10) Littlefoot from A Land Before Time. Let's examine the Christ-like characteristics. When his mother dies in the earthquake, the fact that he survives at all is an absolute miracle. The three baby dinosaurs who join him in his quest could be seen as apostles, drawn in by his kind nature. Finally, he ends the movie leading his friends to the "promised land." I guess that makes him more like Moses than Jesus, but I'll give it to him because he's so cute and because I cry every time I watch this movie.
9) Simon from The Lord of the Flies. The only character who has any sort of innate moral compass and doesn't become homicidal on the island. He loses points for providing no miracles, but his conversations with the pig's head are downright biblical: they are weird, hard to understand, and highly symbolic. Those conversations plus his martyrdom at the hands of the crazed boys add up to a convincing case.
8) Hurley from Lost. This is mainly speculation at this point, because the series is not close to over, but Hurley already has a few things going for him. First of all, he's clearly the nicest guy on the island, and he's all about making sure everybody has a good time by organizing golfing outings and such. Secondly, the fact that he hasn't lost any weight while he's been on the island is a veritable miracle.And although he hasn't done anything yet, the series keeps alluding to him having to make a sacrifice. If he does so, and especially if he dies, he will gain some serious ground. Stay tuned.
7) Billy Pilgrim from Slaughterhouse Five. From his last name, it's clear that Vonnegut intended Billy's journeys to be viewed as somewhat of a religious pilgrimage. While it's not clear whether he is supposed to be Christ himself, his innocence and ability to time travel suggests that he has risen above the realm of mere mortals. The main thing holding him back is his lack of miracles, which is the obvious constraint of a postmodern novel.
6) Jim from The Adventures of Huckleberry Finn. I think I wrote a paper on this in 8th grade, and I forget most of the details, but the general point is that compared to the rest of the characters of the book, Jim is a saint. He cooks for Huck, nurses Tom to health, and seems to be the only one that cares about the boys. He also gets points for operating within a white society that outcasts him despite his kind nature.
5) Gandalf from The Lord of the Rings. He gets serious points for being one of the only characters on this list to die and come back to life. He also gets points for saving his crew from the Orcs, and for being super nice to everybody, even the lowly hobbits. However, he loses points for being a sorcerer, which is seemingly the easiest way to anger the church establishment. In fact, I'm pretty sure that even making this comparison would be blasphemy in certain churches. Please forgive me.
4) Joe Christmas from A Light in August. I wrote a paper on this case in 11th grade, and the case is pretty cut-and-dry. He shows up abandoned in front of the orphanage on Christmas day, he questions his racial background, and his initials are JC. But it's his death that really seals the deal: he dies at the age of 33, and Faulkner describes the bullets that hit him arms as like "nails through a cross." Literally those words. Come on, that's too easy.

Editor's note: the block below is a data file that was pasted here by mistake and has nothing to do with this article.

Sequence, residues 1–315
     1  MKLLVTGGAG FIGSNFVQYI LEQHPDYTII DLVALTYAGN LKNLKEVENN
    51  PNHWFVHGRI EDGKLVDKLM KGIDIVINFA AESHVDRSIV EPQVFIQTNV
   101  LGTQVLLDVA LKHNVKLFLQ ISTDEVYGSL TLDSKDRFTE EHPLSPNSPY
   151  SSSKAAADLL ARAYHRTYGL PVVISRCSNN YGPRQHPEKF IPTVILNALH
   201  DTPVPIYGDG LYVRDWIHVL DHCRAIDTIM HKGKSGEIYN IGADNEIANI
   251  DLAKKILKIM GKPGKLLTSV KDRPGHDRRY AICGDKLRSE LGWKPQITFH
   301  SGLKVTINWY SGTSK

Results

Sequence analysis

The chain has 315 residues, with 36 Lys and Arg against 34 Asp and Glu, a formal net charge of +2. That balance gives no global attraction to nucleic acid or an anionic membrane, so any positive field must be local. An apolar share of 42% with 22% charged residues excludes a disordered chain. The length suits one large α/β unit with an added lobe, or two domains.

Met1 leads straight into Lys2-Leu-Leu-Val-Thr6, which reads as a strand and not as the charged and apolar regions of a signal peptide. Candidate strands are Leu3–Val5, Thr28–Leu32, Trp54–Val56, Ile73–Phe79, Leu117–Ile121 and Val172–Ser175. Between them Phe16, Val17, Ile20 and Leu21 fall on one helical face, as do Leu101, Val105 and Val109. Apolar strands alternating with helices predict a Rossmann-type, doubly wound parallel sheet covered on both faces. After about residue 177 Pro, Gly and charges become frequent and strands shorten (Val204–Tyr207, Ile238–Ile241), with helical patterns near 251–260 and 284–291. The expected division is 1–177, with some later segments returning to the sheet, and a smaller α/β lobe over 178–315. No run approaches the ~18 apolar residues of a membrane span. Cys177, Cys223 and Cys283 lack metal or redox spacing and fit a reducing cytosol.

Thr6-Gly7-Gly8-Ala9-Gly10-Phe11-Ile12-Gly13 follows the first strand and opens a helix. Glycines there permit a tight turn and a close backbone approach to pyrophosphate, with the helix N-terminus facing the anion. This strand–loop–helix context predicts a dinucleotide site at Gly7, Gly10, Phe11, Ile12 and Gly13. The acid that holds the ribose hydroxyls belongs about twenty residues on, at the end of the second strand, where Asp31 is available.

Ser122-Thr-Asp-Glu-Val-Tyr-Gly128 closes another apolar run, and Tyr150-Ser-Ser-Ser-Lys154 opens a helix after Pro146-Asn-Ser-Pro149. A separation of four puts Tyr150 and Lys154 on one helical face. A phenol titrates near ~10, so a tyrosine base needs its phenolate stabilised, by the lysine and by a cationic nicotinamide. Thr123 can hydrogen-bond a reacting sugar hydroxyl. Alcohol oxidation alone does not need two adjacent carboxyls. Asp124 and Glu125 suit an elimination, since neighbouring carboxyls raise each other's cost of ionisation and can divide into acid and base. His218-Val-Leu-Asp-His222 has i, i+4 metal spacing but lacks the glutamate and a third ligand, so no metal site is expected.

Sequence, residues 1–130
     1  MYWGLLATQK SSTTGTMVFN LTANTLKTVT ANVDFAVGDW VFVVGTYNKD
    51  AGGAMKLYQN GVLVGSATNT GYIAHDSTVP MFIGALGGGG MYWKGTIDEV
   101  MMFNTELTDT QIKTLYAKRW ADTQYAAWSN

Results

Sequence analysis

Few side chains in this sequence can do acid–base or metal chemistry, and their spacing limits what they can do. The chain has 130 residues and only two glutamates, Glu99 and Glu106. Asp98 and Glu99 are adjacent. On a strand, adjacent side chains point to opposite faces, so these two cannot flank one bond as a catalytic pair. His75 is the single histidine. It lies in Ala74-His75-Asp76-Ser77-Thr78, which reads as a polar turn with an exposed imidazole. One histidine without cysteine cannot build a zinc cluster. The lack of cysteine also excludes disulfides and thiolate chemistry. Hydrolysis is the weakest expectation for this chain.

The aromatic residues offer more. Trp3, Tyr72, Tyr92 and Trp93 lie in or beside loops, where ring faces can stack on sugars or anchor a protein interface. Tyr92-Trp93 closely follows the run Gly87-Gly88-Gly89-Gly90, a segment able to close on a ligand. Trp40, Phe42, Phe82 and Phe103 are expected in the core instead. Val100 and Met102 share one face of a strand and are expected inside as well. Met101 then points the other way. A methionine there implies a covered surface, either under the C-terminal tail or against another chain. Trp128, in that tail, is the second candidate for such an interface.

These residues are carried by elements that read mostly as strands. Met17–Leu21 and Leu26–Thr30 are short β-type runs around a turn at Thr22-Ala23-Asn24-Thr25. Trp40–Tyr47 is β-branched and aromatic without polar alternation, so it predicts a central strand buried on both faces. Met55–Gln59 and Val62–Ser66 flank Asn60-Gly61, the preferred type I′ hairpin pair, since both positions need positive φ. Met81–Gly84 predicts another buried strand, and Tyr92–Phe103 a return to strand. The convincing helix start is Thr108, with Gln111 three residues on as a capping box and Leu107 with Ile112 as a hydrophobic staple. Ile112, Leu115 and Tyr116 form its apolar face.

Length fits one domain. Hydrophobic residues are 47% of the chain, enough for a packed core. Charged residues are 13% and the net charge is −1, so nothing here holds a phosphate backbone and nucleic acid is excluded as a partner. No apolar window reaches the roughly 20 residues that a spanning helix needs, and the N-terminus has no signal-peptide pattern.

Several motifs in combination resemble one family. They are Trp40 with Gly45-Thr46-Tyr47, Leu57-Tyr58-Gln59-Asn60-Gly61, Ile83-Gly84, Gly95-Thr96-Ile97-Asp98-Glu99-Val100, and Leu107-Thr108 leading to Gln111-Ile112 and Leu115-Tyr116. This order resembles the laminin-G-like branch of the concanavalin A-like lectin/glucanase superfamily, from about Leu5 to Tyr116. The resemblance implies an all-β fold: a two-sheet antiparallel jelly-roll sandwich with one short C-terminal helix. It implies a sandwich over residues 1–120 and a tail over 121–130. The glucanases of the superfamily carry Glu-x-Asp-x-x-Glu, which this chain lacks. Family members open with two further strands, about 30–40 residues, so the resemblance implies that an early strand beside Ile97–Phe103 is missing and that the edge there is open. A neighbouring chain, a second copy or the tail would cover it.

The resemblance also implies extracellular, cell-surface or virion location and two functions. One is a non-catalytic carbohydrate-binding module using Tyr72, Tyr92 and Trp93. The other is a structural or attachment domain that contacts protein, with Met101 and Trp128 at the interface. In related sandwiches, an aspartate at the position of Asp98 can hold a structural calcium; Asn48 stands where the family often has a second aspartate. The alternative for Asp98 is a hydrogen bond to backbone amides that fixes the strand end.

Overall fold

3) Neo from The Matrix. First of all, Keanu Reeves is the perfect cast for a Christ figure, because he's the only actor in Hollywood who wouldn't realize whats going on and ruin it. And Neo has some pretty serious things going for him. He is able to see the green lines of code in the matrix, which suggests that he has a close connection to the "creator." He is constantly referred to as "the One," and although people sometimes call me that on the basketball court, in this context they mean he is the messiah. Finally, he dies, rises from the dead, and returns to sacrifice himself for the sake of humanity. You might not like it, but you have to admit that is pretty Christ-like.
2) Jesus from The New Testament. The holotype. You've got to give it up for the big guy JC. Why isn't he number one? Mainly because of expectations. When you read the New Testament, you expect him to be Christ-figure like on literally every page, which is simply not possibly for anybody to do. Sometimes he has to deal with normal stuff like everybody else does, like walking around, settling disputes, and eating supper. So while he is a pretty good Christ figure, he loses out the top stop to...
1) The Master Chief from Halo. This is mainly assuming that the "legendary" ending in Halo 3 never happened and that the series ends at three, where it rightfully should. If so, the Master Chief has a pretty compelling futuristic-Christ case. He is the only remaining "child" of the SPARTAN-II program that created him. Plus, his performance of miracles is pretty outstanding: he saves all sentient life in the universe in Halos 1, 2, and 3. The third one is especially important, as much of it is set on Earth, but he manages to save the world regardless. Along with his martyrdom at the end of Halo 3, this is a remarkably impressive record. Good enough for tops on this list, anyways.